Beyond its emotional and intellectual value, we believe art is a real and tangible asset that appreciates over time. It has proven to achieve attractive returns, with low volatility and low correlation with respect to equities, which in turn helps to diversify an investment portfolio while reducing risk.
Art as an asset
Low/negative correlation with equity
Low cost of maintenance
Grows tax free
Does not depreciate but can be depreciated
Estate planning legacy
Defines cultural standards
Builds historic memory
Enriches and improves quality of life
Peace of mind
High art is the perfect instrument for asset protection from frivolous lawsuits, even better than gold, certificates or real estate.
Hedge against all odds
High art’s inherent value has a proven track record for constant appreciation. It is highly uncorrelated to financial markets and macroeconomic effects, and its value is invulnerable to any financial crisis, no matter their length or severity. Even in war-like scenarios, art is a perfect hedge against all odds when everything else is worthless or illiquid. There hasn’t been a time in history, over 500 years when a Leonardo hasn’t incremented its value. In contrast, the permanence of the likes of Enron or Lehman Brothers are not guaranteed. Even countries have ceased to exist.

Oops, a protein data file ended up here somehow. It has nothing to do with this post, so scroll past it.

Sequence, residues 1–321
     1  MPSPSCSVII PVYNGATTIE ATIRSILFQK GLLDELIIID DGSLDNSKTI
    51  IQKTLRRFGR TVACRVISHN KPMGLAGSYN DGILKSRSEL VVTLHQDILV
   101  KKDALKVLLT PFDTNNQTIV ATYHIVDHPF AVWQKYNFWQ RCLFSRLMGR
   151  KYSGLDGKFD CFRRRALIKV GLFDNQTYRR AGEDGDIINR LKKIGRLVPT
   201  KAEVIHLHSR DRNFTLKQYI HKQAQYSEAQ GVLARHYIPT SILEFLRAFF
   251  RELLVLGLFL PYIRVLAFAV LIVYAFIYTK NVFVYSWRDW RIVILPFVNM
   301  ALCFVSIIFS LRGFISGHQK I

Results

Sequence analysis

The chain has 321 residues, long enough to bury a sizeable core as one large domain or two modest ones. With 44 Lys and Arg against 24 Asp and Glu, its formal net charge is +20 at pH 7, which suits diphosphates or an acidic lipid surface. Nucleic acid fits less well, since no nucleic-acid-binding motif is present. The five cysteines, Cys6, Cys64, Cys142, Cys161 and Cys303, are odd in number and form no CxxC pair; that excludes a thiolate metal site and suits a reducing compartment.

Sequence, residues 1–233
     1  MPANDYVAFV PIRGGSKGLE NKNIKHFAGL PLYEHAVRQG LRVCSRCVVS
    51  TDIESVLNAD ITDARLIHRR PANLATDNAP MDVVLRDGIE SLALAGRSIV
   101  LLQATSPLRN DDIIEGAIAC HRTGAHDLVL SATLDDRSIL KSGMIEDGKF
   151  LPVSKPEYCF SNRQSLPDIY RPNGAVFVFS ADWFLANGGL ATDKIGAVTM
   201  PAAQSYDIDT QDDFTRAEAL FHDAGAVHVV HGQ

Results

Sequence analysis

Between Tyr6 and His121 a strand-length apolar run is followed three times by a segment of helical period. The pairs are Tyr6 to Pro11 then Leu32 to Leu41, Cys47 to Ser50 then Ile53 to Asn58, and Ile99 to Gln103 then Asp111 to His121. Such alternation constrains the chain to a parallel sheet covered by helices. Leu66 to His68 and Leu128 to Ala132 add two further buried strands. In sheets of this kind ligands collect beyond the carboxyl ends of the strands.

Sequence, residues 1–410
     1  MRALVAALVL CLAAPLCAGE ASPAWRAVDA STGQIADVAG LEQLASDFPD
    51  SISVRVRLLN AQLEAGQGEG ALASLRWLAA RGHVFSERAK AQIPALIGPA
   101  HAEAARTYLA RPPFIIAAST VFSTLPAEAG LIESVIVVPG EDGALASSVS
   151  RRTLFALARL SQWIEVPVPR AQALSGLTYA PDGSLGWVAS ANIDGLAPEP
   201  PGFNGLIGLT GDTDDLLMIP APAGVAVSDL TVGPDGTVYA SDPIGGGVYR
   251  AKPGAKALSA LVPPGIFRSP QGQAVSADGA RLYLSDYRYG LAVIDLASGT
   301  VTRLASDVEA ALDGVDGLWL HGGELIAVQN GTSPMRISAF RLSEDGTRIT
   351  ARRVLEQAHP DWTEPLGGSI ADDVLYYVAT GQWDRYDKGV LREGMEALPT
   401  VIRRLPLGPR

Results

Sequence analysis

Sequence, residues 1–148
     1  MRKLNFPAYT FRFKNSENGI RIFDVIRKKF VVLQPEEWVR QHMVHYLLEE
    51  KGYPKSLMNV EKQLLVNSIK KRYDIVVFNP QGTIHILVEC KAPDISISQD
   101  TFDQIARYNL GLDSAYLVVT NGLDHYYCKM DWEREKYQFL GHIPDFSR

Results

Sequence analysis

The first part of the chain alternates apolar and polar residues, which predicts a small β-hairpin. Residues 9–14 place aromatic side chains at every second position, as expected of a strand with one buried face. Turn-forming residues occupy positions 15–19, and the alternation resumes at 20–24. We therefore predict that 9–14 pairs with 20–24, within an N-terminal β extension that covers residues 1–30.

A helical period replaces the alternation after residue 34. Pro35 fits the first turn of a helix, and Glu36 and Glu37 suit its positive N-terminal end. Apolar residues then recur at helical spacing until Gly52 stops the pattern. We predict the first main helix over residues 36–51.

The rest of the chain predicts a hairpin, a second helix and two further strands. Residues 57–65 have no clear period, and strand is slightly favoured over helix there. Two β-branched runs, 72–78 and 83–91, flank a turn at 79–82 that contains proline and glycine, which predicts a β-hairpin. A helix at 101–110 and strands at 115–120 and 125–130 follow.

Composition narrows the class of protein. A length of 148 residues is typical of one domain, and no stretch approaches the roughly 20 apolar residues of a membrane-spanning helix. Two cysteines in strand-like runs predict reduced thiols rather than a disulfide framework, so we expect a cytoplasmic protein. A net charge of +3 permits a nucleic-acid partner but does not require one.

Should bank deposits be at risk, you may want to consider allocating some resources in safe harbors. Equities and other financial instruments are in a never-ending bubble? debt instruments are not entirely risk free and the yield is zero; commodities are a gamble of nature and other unpredictable forces; real estate can potentially dig into your investment if rents don’t come in. And none of the above combines asset protection and preservation like a Picasso does.
Art grows tax-free and the cost of caring for an art portfolio is less than US$1,800 per million per year. In a fund, the expense ratio is as low as < 0.8% AUM, among the lowest in the alternative investment industry.
Art appreciation is supranational, and art the most valuable and coveted cultural object in existence. The rich are not only getting richer but also growing in numbers, and fascinated by art. The Picasso Artprice index has grown 547% in the last 20 years in the painting category, compared to the 179% growth on the S&P 500 in the same period.
Art market in numbers
In 2021, global art sales of dealers and auctions reached $US65.1 billion, surpassing pre-pandemic highs and recovering from the dip in 2020 (Art Basel UBS)
While the S&P 500 and NASDAQ index dropped during the first months of the year, the public art market figures of Q1 of 2022 reported a 32% increase in comparison to the first quarter of 2021. (ArtTactic)
US$16.6 billion worth of fine art sold at auction in 2021, exceeding any other year on record in Artnet Price Database (Artnet)
Over 60% increase in 2021 in comparison to art market turnover of 2020; and 25% increase compared to 2019 (Artnet)
Modern art was the second largest sector by value in the auction market in 2021 with a share of 22% and sales increasing 23% in comparison to 2020 (Art Basel UBS)
The low volatility of art was accurately demonstrated during the 2008 recession, when art indexes dropped 4.5%, while the S&P abruptly dropped 37.5%.
Between January and May 2022, auctions totaled 5.7 billion USD, exceeding the previous record mark of 2018. (Artnet)
The average price for a work of art sold at auction during this period was 48,670 USD, which is an increase of 180% from 2020 and 26% from 2021 (Artnet).